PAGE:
Beef up IT-related activities, too

As workers start working from home more, you may need additional people providing Help Desk support as well as the various tiers of your existing support plans. A chatbot driven by AI can assist here, too, especially handling routine questions about password resets, finding Wi-Fi, and more.

IT personnel may have to prioritize communications, too, ensuring the right tools are available for employees.

 

Help set general expectations

No doubt there will be fear, uncertainty, and doubt. Employees who can’t reach needed managers or HR personnel, for a variety of reasons, need to know about decision-making criteria and authority. They may need more latitude in making decisions, as well. For example, if an angry customer is dealing with them, they may need more discretion to provide discounts or rebates. 

Set expectations about when the company will communicate and how. Along with this, use more than one method to communicate. Your communication vehicles will be log-jammed, so be judicious about real priorities. For example, under normal circumstances, you may want to announce a completed project. In addition, if you need to close offices or locations for any reason, let employees know how to find out quickly — such as go to your website or pay attention to local news. 

3. Communicate with customers

During this stressful time, you’ll need a plan in place to let customers know the following:

  • What steps you’re taking to protect them
  • What steps you’re taking to protect employees
  • What these above steps may mean to their products or services
  • Your commitment to them, despite all the challenges above


Use the above as a guide. For example, as much as possible, you’ll need to be transparent while also reassuring customers.

These communications, and they should be ongoing as information and circumstances change, should reflect your brand while being empathetic to them and their situation. For example, you may need to communicate an event or service is cancelled to protect them. Make sure your customers know that.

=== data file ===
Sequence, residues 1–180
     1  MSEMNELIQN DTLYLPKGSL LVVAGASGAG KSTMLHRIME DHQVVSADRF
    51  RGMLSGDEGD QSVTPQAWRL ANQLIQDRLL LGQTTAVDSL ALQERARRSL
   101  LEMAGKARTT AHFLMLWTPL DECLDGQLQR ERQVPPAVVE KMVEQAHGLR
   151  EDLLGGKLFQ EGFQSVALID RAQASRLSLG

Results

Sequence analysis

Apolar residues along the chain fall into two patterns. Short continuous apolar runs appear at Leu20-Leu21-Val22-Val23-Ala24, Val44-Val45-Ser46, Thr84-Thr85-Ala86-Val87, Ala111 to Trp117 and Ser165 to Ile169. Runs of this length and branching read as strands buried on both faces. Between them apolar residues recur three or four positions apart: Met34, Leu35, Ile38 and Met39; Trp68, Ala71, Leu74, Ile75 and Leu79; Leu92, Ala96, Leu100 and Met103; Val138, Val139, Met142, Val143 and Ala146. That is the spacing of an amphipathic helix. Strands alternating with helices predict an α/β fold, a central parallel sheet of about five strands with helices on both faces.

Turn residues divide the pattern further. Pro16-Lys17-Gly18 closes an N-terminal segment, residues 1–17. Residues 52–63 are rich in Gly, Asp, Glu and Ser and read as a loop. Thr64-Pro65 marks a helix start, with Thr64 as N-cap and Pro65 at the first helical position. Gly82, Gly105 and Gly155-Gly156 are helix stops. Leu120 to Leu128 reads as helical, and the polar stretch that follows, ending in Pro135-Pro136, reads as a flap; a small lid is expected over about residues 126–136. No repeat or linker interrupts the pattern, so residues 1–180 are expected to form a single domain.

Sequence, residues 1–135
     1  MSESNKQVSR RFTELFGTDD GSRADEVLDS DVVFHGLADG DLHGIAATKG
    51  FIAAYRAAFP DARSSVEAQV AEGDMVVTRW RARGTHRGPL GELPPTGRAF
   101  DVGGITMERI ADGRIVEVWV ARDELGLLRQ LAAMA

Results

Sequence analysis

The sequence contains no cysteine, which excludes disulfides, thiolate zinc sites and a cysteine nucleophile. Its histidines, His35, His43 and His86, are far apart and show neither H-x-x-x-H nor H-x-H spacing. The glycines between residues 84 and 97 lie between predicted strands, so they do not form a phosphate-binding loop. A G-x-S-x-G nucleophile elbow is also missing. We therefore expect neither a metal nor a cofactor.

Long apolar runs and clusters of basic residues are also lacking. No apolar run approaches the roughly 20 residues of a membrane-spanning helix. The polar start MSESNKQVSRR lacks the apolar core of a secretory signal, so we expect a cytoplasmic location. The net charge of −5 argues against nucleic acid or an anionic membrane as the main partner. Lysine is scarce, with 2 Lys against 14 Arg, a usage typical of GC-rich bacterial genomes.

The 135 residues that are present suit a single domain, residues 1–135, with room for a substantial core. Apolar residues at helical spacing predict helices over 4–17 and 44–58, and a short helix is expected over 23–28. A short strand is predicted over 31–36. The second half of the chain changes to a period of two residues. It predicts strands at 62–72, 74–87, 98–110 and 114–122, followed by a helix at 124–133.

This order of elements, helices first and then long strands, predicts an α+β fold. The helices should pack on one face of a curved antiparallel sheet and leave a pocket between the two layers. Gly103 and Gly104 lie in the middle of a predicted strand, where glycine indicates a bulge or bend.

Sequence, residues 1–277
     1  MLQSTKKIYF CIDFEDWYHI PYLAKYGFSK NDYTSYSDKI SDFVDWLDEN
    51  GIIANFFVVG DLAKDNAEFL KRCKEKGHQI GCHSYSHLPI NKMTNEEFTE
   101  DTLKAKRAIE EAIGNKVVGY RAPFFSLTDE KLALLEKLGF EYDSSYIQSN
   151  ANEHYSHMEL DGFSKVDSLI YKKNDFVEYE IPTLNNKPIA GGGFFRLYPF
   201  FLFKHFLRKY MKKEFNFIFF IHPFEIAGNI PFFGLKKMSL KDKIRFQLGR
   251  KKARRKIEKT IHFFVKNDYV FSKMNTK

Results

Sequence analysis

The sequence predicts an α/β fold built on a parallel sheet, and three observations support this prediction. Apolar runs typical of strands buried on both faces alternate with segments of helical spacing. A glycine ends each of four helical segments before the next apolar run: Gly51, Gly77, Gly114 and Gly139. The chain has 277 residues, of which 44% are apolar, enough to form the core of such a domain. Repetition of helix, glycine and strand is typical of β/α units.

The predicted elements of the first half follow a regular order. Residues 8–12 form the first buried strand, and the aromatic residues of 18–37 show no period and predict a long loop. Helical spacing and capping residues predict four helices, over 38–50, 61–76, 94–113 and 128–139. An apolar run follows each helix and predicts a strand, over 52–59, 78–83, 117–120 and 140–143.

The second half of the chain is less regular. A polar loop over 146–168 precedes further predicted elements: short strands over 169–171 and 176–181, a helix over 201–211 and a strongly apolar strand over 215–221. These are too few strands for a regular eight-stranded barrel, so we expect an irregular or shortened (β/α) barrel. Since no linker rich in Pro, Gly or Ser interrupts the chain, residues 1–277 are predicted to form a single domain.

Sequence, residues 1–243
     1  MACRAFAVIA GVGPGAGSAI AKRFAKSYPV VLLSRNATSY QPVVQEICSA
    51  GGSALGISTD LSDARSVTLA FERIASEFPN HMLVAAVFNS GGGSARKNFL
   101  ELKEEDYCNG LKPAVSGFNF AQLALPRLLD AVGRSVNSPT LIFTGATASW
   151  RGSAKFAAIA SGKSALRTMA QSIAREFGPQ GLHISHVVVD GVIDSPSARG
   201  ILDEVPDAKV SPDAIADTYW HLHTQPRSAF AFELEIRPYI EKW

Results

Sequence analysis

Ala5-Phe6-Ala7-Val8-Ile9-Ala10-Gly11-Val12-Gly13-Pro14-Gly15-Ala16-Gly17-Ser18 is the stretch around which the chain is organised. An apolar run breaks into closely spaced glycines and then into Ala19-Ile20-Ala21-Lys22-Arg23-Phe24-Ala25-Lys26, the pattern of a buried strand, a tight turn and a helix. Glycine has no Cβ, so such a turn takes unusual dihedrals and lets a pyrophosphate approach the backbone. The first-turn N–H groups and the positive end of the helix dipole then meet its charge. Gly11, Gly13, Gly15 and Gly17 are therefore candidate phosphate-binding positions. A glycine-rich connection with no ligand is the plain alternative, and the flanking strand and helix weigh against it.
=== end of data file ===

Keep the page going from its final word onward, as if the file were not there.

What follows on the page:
Don’t just rely on email, either. Now is a great time to engage your account managers and customer service representatives. They should reach your best and biggest customers as well as those impacted the most first, answering questions and showing commitment that your company and theirs are in this together. (That’s really the case — this pandemic is nationwide and worldwide.)

As questions come in from customers, add them to a frequently asked question (FAQ) list you can post on your website. Of course, add questions you believe customers will ask to seed communication. But don’t rely on people coming to your website and finding it, as you communicate with them let them know where it is.

 

4. Stay informed

During this time, events are changing and shifting constantly. Keeping up with the news and guidelines is tricky, but necessary. Resources you should access include:

  • Your vendors and supply chain
  • Your customers, including their questions
  • Your state CDC and health information
  • Local news
  • National CDC information
  • National news
  • Specific guidance from organizations, such as the Society of Human Resources Management (SHRM) and IABC


In addition, don’t forget about getting feedback from employees.

 

5. Practice self-care

It’s a stressful time for everyone. If you’re leading communications, working with the public to understand information, in the healthcare industry, etc. — your blood pressure is up constantly these days as coronavirus infects more communities. 

Do know human beings have limits and that your health is important. Here are a few things you can do:

  • Get plenty of rest — aim for 8 hours a day
  • Eat healthy, well-balanced meals
  • Exercise
  • Follow CDC guidelines yourself, including practicing social distancing yourself (as appropriate)
  • Make your own chain of command clear, in case something happens to you or your family
  • Understand your limitations

 

Realize it takes a village

We can all agree, it’s chaotic with lots of change being hurdled at us. The stock market is bouncing around along with our 401(k)s. And our emotions are just as jittery.

But at the heart of it, if there’s a silver lining, that’s it — we’re all in this together. Every workplace, community, state, and person is being impacted. We’re all dealing with the same issues and challenges — closed schools, cancelled events, loved ones having to refrain from leaving the house, financial anxieties, health worries, etc. That means we’re more empathetic to the plights of others, especially when it matches our own plight.

It’s time to put the humanity back in communications. If your heart is in the right place, chances are good it will be received well even during these uncertain times. 

We’ll get through this all … together.